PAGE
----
People, depending on the type of their profession, have to deal with solutions that have a strictly specified content of solute in them: preparation of medicinal solutions, dissolving a developer for photographs, a solution for a battery containing sulfuric acid, etc. Therefore, in chemistry lessons, using tasks, students learn to calculate the mass fraction of solutes - the ratio of the mass of a solute to the total mass of a solution.

## Instructions

### Step 1

Read the problem carefully. Briefly, on the left side of the page, write down its details using the letter symbols and chemical formulas, if any. Determine from the problem question what to find.

### Step 2

Write down on the right side of the sheet the general formula for the mass fraction of the solute

ω = m1 / m, where m1 is the mass of the solute, and m is the mass of the entire solution.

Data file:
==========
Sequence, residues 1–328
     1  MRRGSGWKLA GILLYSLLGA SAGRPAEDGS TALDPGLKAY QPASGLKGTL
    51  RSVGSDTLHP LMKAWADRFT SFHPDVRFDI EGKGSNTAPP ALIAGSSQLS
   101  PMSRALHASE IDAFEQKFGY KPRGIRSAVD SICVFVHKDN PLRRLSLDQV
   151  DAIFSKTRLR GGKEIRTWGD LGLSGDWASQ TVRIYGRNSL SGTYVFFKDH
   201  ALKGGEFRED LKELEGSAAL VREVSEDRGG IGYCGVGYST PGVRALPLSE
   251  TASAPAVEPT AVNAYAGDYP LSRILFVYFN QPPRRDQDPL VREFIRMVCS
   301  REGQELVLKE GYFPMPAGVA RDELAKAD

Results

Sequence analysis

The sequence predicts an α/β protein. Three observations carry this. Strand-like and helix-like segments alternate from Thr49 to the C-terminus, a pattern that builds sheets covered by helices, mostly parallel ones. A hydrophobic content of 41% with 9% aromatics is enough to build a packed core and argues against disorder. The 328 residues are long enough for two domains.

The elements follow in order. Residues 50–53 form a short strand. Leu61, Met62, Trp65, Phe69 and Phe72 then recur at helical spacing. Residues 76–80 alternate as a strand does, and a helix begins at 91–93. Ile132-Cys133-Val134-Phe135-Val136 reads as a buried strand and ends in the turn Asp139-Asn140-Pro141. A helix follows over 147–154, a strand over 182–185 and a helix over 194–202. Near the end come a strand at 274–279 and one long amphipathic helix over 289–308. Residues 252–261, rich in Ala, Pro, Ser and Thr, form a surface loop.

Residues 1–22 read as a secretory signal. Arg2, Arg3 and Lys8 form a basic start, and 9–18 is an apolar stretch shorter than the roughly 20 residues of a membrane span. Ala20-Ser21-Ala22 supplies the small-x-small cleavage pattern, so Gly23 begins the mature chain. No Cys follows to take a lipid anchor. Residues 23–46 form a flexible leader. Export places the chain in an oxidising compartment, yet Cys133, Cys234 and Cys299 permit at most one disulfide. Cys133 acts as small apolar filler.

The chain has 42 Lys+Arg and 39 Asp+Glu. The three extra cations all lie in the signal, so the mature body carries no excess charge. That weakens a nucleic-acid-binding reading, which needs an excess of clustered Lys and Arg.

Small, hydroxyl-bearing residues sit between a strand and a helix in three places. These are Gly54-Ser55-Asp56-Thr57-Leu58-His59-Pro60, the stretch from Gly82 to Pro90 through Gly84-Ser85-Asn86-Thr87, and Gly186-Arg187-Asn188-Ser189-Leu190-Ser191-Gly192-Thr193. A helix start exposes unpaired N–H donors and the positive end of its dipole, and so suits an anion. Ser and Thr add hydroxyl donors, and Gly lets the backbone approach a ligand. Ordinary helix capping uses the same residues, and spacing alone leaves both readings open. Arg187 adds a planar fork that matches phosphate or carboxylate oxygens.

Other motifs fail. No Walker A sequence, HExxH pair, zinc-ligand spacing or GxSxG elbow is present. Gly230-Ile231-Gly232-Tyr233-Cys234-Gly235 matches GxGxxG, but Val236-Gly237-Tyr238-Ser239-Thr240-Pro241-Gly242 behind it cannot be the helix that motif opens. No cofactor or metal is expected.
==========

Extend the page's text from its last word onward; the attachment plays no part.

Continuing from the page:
If you need to know the content of the mass fraction of the solute as a percentage, multiply the resulting number by 100%:

ω = m1 / m х 100%

### Step 3

In tasks where you need to calculate the mass fractions of each of the elements that make up a chemical, use the table of D.I. Mendeleev. For example, find out the mass fractions of each of the elements that make up the hydrocarbon, the formula of which is C6H12

m (C6H12) = 6 x 12 + 12 x 1 = 84 g / mol

ω (C) = 6 m1 (C) / m (C6H12) x 100% = 6 x 12 g / 84 g / mol x 100% = 85%

ω (H) = 12 m1 (H) / m (C6H12) x 100% = 12 x 1 g / 84 g / mol x 100% = 15%

### Step 4

Write down the answer to the problem.